(Note: at a recent writing workshop, I was challenged to quickly bring to life on paper ten memories, incorporating as much colorful description as possible—we had 20-30 minutes, I think. I’m sharing the results here to challenge you to try this exercise yourself. The lightning speed of the assignment created energy-filled pictures in my mind and the result gave me a bunch of ideas for more in-depth stories from the past to pass along to my family.)
Two rain-drenched brother-twins sidestepping puddles in the brick-red dirt road, holding two-year-old me tight under a single umbrella hurrying to the paved road in hopes of hailing a midnight rider for an emergency run to the hospital
Mother clutching her pink bathrobe over white and blue print pajamas as she stormed out the kitchen door, across our yard, and over a barbed wire fence into the landlord-neighbor’s pasture to turn off the water filling the cow trough so it would instead run into into our kitchen faucet and she could make Daddy’s morning coffee
The small, yellow, frame house in a grass-starved yard where shoes filled with sand from our play on the unpaved road and our clothes were stained with the red clay from our play deep in the catty corner excavation site
The dank underbelly of the brick-pillared house where Daddy and I twirled clotheshanger-thin sticks into holes surrounded by sandy funnels chanting, “Doodlebug, doodlebug, come out of your hole. Your house is on fire and your children will burn”
Six silly seven-year-olds hiding in the blackened airlock-style entry to the girls’ bathroom shushing each other over our giggles as we lay in wait for the next unsuspecting victim to walk through the door to our screams of “Boo,” except that person turned out to be our teacher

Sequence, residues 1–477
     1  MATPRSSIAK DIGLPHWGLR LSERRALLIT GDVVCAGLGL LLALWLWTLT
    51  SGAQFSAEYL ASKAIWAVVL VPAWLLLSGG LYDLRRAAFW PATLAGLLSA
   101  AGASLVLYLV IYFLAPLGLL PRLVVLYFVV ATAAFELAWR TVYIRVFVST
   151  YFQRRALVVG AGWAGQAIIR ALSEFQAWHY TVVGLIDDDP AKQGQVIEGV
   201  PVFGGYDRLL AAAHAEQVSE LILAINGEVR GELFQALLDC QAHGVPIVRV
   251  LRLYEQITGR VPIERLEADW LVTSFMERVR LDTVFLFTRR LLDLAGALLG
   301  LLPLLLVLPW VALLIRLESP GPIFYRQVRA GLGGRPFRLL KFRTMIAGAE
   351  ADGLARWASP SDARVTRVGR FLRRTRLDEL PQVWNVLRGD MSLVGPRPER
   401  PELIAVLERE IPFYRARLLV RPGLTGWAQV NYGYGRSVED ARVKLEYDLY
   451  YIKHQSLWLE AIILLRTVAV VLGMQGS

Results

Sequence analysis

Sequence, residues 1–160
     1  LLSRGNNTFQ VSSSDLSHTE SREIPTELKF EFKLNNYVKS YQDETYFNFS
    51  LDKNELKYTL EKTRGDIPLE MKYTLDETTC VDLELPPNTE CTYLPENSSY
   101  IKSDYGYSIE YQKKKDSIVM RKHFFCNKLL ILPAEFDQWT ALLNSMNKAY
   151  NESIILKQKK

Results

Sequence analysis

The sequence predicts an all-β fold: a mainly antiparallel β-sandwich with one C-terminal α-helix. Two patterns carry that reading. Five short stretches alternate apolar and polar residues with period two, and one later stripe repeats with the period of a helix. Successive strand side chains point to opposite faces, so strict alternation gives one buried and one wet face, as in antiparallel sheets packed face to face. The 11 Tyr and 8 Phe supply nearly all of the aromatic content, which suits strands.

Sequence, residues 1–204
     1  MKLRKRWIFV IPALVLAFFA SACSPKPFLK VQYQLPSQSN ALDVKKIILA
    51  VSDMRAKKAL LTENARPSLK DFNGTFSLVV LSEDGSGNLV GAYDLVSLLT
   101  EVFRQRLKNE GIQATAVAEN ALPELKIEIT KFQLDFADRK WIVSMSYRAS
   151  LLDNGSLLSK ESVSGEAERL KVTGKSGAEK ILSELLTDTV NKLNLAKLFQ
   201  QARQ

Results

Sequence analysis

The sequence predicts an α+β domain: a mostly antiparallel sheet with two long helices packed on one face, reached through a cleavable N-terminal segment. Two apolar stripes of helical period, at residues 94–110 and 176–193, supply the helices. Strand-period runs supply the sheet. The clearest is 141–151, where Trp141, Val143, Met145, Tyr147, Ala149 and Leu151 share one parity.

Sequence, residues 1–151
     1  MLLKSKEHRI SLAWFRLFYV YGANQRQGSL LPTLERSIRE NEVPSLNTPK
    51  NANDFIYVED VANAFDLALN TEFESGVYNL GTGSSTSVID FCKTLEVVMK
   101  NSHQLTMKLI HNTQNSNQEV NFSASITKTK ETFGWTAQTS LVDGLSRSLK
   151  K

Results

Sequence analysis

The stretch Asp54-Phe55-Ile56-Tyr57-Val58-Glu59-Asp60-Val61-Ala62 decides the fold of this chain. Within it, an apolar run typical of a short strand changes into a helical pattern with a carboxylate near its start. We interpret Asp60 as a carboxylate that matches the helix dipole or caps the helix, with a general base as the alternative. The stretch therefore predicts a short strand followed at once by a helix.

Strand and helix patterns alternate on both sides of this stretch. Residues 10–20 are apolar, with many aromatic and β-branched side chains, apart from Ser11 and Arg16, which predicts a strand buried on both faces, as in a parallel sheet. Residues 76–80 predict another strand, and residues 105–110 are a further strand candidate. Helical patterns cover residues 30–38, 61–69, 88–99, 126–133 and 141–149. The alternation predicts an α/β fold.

Waking under blue, yellow, and red handmade quilts in my grandparents’ still-sleepy house as fog drifted through the opened windows urging me to slip outside into the dew-kissed grass in my bare feet to nibble on a green apple and daydream among the enveloping branches of their ancient weeping willow tree
The home-made cotton-candy-pink shirtwaist dress with rose-embroidered edge stitching I was wearing the day my family of five and suitcases with all my clothes were crammed into our two-tone brown Ford Fairlane at the moment I saw the sign pointing the way to my soon-to-be college home and the butterflies in my stomach turned into cannonballs
The sunshiny July day we arrived on our mountain to a sea of wild daisies, their white and yellow faces bobbing in the gentle breeze to welcome us to our forever home
My throbbing heart the first time I saw valley fog from above with the tops of purple-green mountains peeking through the massive cloud like little volcanic islands rising above an ocean of white foam
The day I walked out of my just-at-that-moment former workplace with the white-hot sun beating down on my face, my shoulders now lighter than air, and stepped into my future
Enjoyed reading these!!
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Carole, there are not nearly enough words in the English language to tell you how I relish every one of your Living On the Diagonal offerings. Each of your ten memories is fascinating but your last description of your shedding the job you found so disagreeable is a fine example of how a few words can be tell us of your relief.
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What lovely things to say, Sylvia. Coming from someone with such linguistic gifts, that’s quite a compliment, indeed.